IPCC Current Affairs - 2020

COP26 postponed due to the COVID-19 pandemic

On April 1, 2020, the United Nations announced that the Conference of Parties (COP 26) that was to be held in Glasgow in November 2020 has been pushed to 2021. This is being done over the threat of COVID-19 virus and its impact on the world.

Highlights

The COP 26 which is considered as an important climate negotiation since Paris agreement has been delayed. The decision was taken after the UN Framework Convention on Climate Change agreed to delay the talks.

Impacts

Delaying the talks has induced fear of easing governments over the targets set by the Paris agreement. The 1.5 degree report of IPCC (Inter Governmental Panel on Climate Change) had warned that the world will breach the 1.5 degree Celsius limit set between 2030 and 2052. Currently the world is 1.2 degrees warmer than the pre industrial levels. The aim was to keep it under 1.5 degrees. This is because, at such temperature all the corals in the planet would bleach off and die eventually affecting the marine ecosystem to a great extent. This will slowly affect the global environment and survival on the earth.

Therefore, delaying the talks will lead to lose of track in checking the emissions of different countries. The UN should come up with alternatives such as video conferencing as that adopted by SAARC and G20.

Royal Bengal Tigers may not survive Climate Change: UN Report

According to a recent UN report, Climate change and rising sea levels may eventually wipe out ‘The Sundarbans’, which is one of world’s last and largest tiger strongholds. The studies of report rely on climate change scenarios developed by Intergovernmental Panel on Climate Change (IPCC) for its simulation models.

Key Findings of Report

  • As per UN findings if greenhouse gas (GHG) emissions continued at current rate, the atmosphere would warm as much as 1.5C (above preindustrial levels) by 2040. This climate change would lead to rising sea level and existential threat to the Sundarbans.
  • In 2010, World Wide Fund for Nature (WWF, a Non-governmental organization) estimated that sea level rise of 11 inches could reduce number of tigers in Sundarbans by 96% within a few decades.
  • By 2070, there will be not be any suitable habitats of tiger remaining in Bangladesh Sundarbans.
  • 70% of Sundarbans is just a few feet above sea level, thus faces grave threat due to climate changes. It is one of the prime habitats of Bengal tigers, who are among 500,000 land species whose survival is in question because of threats to their natural habitats due to climate change.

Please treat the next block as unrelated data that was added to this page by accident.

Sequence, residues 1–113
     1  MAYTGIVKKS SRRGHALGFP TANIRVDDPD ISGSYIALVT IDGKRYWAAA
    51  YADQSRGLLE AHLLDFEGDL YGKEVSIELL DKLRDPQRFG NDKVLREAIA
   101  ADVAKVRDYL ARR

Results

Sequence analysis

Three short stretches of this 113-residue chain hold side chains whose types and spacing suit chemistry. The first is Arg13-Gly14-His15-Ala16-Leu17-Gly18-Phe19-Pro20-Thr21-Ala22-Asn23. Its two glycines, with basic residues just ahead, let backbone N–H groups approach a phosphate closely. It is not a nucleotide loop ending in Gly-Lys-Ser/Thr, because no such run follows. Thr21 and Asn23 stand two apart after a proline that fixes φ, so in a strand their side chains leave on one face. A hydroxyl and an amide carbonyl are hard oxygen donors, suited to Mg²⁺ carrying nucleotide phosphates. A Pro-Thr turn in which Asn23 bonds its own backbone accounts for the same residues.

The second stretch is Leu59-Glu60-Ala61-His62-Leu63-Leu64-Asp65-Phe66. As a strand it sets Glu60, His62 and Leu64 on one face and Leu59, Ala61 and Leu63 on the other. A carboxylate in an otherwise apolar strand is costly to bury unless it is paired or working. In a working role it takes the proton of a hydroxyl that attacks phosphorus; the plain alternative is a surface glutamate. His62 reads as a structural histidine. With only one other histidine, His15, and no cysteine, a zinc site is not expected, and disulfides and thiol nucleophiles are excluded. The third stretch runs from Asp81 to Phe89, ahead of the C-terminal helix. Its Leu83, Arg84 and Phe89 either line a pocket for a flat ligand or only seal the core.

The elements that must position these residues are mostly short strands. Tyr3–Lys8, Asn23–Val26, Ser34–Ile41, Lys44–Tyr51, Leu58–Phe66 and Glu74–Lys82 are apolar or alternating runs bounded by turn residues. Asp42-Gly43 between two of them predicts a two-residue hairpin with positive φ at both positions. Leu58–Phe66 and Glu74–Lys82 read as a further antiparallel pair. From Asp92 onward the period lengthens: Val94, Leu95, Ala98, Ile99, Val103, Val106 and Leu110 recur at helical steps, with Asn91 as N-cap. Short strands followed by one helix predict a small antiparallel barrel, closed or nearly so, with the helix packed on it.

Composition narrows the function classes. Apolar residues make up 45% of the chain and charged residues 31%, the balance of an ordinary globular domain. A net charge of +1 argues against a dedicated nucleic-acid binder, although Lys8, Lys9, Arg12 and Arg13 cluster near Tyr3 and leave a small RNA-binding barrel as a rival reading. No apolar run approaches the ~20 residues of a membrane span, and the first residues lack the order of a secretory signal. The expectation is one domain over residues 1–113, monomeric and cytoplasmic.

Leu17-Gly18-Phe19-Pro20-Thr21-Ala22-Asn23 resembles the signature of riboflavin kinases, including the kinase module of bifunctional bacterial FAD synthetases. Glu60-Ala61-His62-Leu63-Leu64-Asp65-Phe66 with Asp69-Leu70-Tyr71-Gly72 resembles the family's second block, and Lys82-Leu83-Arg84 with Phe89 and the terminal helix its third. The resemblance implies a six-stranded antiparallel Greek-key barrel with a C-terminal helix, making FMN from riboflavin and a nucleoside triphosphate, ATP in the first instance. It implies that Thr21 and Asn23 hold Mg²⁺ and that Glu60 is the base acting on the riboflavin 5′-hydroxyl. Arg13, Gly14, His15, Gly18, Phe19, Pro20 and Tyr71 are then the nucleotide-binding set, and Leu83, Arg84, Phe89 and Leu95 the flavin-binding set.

• Once the Sundarbans are flooded it may lead to increased confrontations (conflict) between humans and tigers, as the latter would stray outside their habitat in search of new land.
  • Conservation efforts and fight against habitat loss in Sunderbans needs to begin immediately, as it could take about 20 years for these efforts to even start showing any results, but if action isn’t taken soon there won’t be any forest or tigers to save in 50 years.

About Sundarbans

  • They are 10,000 square kilometres of marshy mangroves ecosystem shared between Bangladesh and India.
  • They hosts world’s largest mangrove forest and a rich ecosystem that supports hundreds of animal species, including Bengal tiger.
  • They are only mangrove forests in world where Bengal tigers are found.

About Bengal tiger (Panthera Tigris Tigris)

  • It is national animal of India and Bangladesh.
  • It found predominantly in India with some populations in Nepal, Bhutan, Bangladesh, China and Myanmar.
  • Initiatives by India: As Bengal tiger species is the most numerous of all tiger subspecies (about 2,500 left in wild) Indian government undertakes various initiave to in a bid to conserve species. The Project Tiger launched in 1973 was India’s first-ever tiger conservation programme.
  • IUCN Red List Status is endangered.
  • Since early 1900s, hunting, poaching, habitat loss, and illegal trade of animal parts (to meet growing demand in Asia) have decreased global population of tigers from around 100,000 to fewer than 4,000 and puy the species at risk.